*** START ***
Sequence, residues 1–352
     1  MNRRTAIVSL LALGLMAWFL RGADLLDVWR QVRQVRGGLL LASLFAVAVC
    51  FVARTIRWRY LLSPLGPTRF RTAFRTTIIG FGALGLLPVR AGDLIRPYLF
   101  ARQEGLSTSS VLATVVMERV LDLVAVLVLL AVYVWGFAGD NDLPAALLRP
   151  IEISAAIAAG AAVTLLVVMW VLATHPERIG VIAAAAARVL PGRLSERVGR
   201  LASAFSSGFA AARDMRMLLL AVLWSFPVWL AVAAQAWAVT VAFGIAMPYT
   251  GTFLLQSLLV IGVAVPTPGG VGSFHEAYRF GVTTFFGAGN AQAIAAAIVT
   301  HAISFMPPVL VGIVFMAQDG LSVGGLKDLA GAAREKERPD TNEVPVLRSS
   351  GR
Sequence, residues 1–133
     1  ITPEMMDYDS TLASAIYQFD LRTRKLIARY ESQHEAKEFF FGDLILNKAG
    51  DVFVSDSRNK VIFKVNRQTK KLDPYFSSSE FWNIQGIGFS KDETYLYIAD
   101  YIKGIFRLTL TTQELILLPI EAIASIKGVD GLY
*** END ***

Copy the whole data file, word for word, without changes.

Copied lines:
Sequence, residues 1–352
     1  MNRRTAIVSL LALGLMAWFL RGADLLDVWR QVRQVRGGLL LASLFAVAVC
    51  FVARTIRWRY LLSPLGPTRF RTAFRTTIIG FGALGLLPVR AGDLIRPYLF
   101  ARQEGLSTSS VLATVVMERV LDLVAVLVLL AVYVWGFAGD NDLPAALLRP
   151  IEISAAIAAG AAVTLLVVMW VLATHPERIG VIAAAAARVL PGRLSERVGR
   201  LASAFSSGFA AARDMRMLLL AVLWSFPVWL AVAAQAWAVT VAFGIAMPYT
   251  GTFLLQSLLV IGVAVPTPGG VGSFHEAYRF GVTTFFGAGN AQAIAAAIVT
   301  HAISFMPPVL VGIVFMAQDG LSVGGLKDLA GAAREKERPD TNEVPVLRSS
   351  GR
Sequence, residues 1–133
     1  ITPEMMDYDS TLASAIYQFD LRTRKLIARY ESQHEAKEFF FGDLILNKAG
    51  DVFVSDSRNK VIFKVNRQTK KLDPYFSSSE FWNIQGIGFS KDETYLYIAD
   101  YIKGIFRLTL TTQELILLPI EAIASIKGVD GLY